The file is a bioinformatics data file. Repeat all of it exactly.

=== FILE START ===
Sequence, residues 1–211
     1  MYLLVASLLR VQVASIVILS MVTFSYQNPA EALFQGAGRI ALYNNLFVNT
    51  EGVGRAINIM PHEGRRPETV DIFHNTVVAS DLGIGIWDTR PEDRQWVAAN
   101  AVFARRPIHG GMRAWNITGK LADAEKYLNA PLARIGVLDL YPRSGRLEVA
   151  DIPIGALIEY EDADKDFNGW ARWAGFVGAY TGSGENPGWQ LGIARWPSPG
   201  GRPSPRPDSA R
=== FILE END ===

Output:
Sequence, residues 1–211
     1  MYLLVASLLR VQVASIVILS MVTFSYQNPA EALFQGAGRI ALYNNLFVNT
    51  EGVGRAINIM PHEGRRPETV DIFHNTVVAS DLGIGIWDTR PEDRQWVAAN
   101  AVFARRPIHG GMRAWNITGK LADAEKYLNA PLARIGVLDL YPRSGRLEVA
   151  DIPIGALIEY EDADKDFNGW ARWAGFVGAY TGSGENPGWQ LGIARWPSPG
   201  GRPSPRPDSA R